Indigenous Australians more likely to be at risk for, and die from, CVD, diabetes and kidney disease

 AIHW Cardiovascular disease, diabetes and chronic kidney disease Australian facts Aboriginal and Torres Strait Islander people

Aboriginal and Torres Strait Islander Australians are more likely than other Australians to have, be hospitalised for, and die from cardiovascular disease, diabetes, and chronic kidney disease-and at younger ages-according to a new report from the Australian Institute of Health and Welfare (AIHW).

DOWNLOAD THE REPORT HERE

The report, Cardiovascular disease, diabetes and chronic kidney disease-Australian facts: Aboriginal and Torres Strait Islander people, shows that in 2011-13, 27% of Indigenous adults had cardiovascular disease, compared with 21% of non-Indigenous adults.

‘The difference was even greater for diabetes and chronic kidney disease. While just 5% of non-Indigenous adults had diabetes, 18% of Indigenous adults had the condition. For chronic kidney disease, 10% of non-Indigenous adults had the disease, but for Indigenous adults, this was 22%,’ said AIHW spokesperson Sushma Mathur.

Not only are these diseases more prevalent among Indigenous Australians, death rates are also higher. For cardiovascular disease, the Indigenous death rate was 1.5 times as high as for non-Indigenous Australians-280 and 183 deaths per 100,000 people, respectively.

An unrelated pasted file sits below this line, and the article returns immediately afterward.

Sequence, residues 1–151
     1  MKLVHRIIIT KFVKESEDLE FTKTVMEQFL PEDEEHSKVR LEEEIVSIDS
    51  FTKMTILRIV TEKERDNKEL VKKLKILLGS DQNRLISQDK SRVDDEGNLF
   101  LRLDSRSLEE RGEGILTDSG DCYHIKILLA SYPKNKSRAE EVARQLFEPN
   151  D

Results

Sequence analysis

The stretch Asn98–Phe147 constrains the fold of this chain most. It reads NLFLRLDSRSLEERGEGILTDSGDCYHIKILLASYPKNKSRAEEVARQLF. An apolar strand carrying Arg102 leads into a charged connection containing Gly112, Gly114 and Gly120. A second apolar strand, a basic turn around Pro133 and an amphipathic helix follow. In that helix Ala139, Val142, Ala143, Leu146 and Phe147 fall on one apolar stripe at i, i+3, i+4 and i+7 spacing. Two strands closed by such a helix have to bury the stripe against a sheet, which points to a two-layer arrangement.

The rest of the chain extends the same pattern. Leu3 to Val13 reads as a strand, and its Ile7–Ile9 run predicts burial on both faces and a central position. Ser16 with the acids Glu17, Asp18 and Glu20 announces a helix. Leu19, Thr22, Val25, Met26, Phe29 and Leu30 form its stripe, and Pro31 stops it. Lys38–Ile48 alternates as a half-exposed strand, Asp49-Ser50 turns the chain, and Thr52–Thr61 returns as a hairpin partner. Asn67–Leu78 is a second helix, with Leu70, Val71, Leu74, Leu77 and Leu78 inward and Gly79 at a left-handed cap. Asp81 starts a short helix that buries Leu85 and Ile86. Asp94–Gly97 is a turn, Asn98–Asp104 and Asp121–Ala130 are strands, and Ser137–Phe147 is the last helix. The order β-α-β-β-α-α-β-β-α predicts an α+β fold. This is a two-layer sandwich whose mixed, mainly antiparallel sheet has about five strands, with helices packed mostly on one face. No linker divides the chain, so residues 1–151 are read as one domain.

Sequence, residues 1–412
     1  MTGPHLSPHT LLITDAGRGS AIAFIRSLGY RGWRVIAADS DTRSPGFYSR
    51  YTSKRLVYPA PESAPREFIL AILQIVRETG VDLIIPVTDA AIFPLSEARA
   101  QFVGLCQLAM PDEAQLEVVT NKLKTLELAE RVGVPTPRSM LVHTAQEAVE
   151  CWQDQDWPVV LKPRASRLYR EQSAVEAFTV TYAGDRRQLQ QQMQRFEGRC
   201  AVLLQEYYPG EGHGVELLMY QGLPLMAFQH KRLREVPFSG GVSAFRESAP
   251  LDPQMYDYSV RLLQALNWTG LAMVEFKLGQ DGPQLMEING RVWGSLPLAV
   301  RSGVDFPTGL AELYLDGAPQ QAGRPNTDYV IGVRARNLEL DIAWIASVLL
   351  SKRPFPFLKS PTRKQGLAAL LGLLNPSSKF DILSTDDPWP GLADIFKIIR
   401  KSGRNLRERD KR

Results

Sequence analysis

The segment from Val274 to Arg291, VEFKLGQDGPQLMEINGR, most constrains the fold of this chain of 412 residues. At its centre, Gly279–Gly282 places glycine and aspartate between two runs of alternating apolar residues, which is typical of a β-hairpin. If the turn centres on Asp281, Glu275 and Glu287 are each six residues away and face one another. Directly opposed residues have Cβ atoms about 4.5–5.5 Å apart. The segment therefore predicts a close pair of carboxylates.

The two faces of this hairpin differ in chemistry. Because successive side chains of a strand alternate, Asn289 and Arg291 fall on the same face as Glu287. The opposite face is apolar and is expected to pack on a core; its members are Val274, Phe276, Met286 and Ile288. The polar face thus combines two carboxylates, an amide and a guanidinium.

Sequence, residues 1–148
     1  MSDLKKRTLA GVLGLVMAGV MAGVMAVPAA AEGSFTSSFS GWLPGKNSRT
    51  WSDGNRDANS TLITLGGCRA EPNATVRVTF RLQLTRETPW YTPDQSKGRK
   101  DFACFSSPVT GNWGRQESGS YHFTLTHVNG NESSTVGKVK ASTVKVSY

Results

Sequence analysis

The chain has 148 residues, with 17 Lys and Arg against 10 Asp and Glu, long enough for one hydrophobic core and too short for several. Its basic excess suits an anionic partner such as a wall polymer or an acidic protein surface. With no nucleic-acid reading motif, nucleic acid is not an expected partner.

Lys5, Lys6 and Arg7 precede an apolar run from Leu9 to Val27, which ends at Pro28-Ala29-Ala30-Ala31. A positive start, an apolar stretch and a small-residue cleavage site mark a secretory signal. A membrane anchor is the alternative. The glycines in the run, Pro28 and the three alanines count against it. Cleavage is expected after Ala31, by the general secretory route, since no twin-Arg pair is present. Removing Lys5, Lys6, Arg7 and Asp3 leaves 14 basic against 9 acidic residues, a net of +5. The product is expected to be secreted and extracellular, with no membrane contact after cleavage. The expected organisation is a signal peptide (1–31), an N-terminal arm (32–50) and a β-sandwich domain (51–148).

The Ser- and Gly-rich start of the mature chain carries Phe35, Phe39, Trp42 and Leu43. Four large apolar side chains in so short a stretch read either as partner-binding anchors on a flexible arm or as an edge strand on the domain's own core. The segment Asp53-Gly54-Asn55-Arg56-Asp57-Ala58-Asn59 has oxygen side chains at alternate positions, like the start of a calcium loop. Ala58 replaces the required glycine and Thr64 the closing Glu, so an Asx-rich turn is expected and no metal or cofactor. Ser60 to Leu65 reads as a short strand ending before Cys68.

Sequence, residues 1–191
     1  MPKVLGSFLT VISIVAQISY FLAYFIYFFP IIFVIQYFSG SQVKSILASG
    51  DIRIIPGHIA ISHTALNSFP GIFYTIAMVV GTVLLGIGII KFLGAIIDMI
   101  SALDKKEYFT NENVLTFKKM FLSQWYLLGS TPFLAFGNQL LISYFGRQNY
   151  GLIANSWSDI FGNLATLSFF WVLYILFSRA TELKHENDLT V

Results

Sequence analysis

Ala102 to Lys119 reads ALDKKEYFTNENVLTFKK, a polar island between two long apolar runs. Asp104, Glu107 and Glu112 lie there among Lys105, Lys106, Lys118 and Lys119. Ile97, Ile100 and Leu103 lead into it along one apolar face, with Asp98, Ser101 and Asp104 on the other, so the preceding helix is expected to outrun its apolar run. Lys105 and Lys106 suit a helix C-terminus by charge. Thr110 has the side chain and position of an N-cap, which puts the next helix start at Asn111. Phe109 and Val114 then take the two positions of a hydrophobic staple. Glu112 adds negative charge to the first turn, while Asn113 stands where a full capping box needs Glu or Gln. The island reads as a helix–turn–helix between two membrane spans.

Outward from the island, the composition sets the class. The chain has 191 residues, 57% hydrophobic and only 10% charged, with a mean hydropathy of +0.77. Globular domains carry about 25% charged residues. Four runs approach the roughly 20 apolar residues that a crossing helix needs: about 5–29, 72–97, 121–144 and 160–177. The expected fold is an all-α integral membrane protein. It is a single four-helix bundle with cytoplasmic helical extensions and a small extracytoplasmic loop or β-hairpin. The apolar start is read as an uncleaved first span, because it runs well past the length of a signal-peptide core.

Diabetes contributed to 21% of all Indigenous deaths, compared with 10% of non-Indigenous deaths. For chronic kidney disease, these rates were 16% and 10%.

‘The gap in death rates between non-Indigenous and Indigenous Australians was widest among younger age groups-for example, the cardiovascular disease death rate for Indigenous people aged 35-44 was 8 times as high as for non-Indigenous people, falling to 4 times as high for the 55-64 year old age group, Ms Mathur said.

Not only are Indigenous Australians more likely to have each of these conditions individually, they are also more likely to have all 3, and die from them.

‘For example, more than 10% of Indigenous deaths had all 3 conditions listed as causes of death. For non-Indigenous Australians, all 3 conditions were recorded in just 3% of deaths.’

The report also shows high levels of risk factors among Indigenous Australians.

Compared to their non-Indigenous counterparts, Indigenous Australians were more like to smoke daily (42% and 16% respectively), be overweight or obese (72% and 63%), and have high blood pressure (25% and 21%).

These risk factors are associated with higher rates of disease, hospitalisation, and increased likelihood of having multiple conditions.

The AIHW is a major national agency set up by the Australian Government to provide reliable, regular and relevant information and statistics on Australia’s health and welfare.

Canberra, 25 November

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